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How To Use Vine To Loop Your Content and Engage Your Customers

Vine

Could a six-second long looping video clip change the way customers connect with brands and products? Six seconds, really? Some marketers may think there's not enough 'space' for creativity in such a short time but, when you look at digital engagement and social networks, big not always means better. Here lies the secret of Vine, the mobile video sharing service so many companies are already using as a powerful customer engagement tool.

It was founded in 2012 but, more important, acquired by Twitter the same year. It's not a coincidence. Twitter seems to be the perfect environment for a service like Vine: a constant flow of 140-long (or short) messages marked with hashtags.

When you think about 'fast and now' there's no better social network than Twitter. It has words, it has pictures, it has social sharing. What it lacked was video. With Vine they filled the hole.

Two years have passed after its launch and Vine is becoming an important part of the content marketing mix for many companies. Of course some brands and products are more suited to marketing on Vine than others, but what really makes the difference is the message you want to deliver. Great content is the key for a great video. It's not only what you say but how you say it. You have to build your content following the rules, as they're not the same rules you rely on when you create a video for YouTube or Vimeo.

Six seconds is all you have to engage your customers, improve their digital experience and hope they will share it through their network. The results of a well conducted Vine campaign? Brand awareness, engagement, social shares and, hopefully, leads. If you're not convinced yet, here are a few numbers you can't ignore: 100 million people are watching vines across the web each month, and over 1 billion loops are played every day.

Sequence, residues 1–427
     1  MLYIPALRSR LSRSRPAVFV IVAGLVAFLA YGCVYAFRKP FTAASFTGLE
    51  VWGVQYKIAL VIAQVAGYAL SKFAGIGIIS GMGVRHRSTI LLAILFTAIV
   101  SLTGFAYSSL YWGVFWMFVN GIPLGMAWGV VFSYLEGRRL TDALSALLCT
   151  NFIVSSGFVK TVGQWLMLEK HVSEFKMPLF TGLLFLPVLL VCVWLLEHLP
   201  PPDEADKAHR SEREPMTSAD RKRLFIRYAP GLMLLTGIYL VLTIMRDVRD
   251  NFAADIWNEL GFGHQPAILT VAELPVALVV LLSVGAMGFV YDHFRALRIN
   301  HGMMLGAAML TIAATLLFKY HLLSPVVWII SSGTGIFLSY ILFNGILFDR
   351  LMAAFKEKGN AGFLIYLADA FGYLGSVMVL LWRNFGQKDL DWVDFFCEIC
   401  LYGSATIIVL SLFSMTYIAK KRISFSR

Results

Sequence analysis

Once you have decided to make your first video, what are the rules to follow?

  1. Never sell hard: the connection with the brand or product must be subtle. Advertising the 'classic-way' just won't work on Vine. 
  2. Talk to your community: never upload your video just because 'Vine is cool'. Know your community, because they're your audience and sounding board (heard about 'word of mouth'?)
  3. Create a story: we know how important is storytelling in content marketing. It is even more important with vines. Create a story and leave them wanting more.
  4. Use your imagination: the format is strict but open at the same time. Use your six looping seconds with creativity and imagination, focusing on your message and identity within your digital customer experience.

If you want to learn how to implement your content the best you can, the easiest way is to learn from companies that have done it already. Let's take a look at the most used types of vines:

  • How-to Video: provide a fresh take to old problems, teaching 'how-to' fixes in just six seconds.
  • Behind the scenes Video: your customers may want to know more about you or your product.
  • Creative Ads: explore your creativity and create amazing advertising (i.e. stop motion, animation).
  • Highlight product: does it have a special feature? Highlight it while entertaining your customer.
  • Promote UGC: create a video and ask your customer to do the same in a 1-to-1 connection.
  • Run a contest: few companies are doing it already. Create buzz with a creative contest.
  • Use looping: to establish your brand identity or your message.
  • Create a short film: take advantage of the 'six-seconds' rule, creating connected videos in a neverending film.
  • Play with your customer: keep your followers entertained with a game. Use gamification to engage and delight your digital customers.

Vine is an evolving platform and there's plenty of room for your ideas and creative inbound marketing thinking. You are encouraged to create your experiment and experience.

Is yours a retail, fashion and luxury or automotive firm? Loop your message: a six seconds well designed story will make your business stand out.

Topics: Digital Customer Experience Social Networking Content Marketing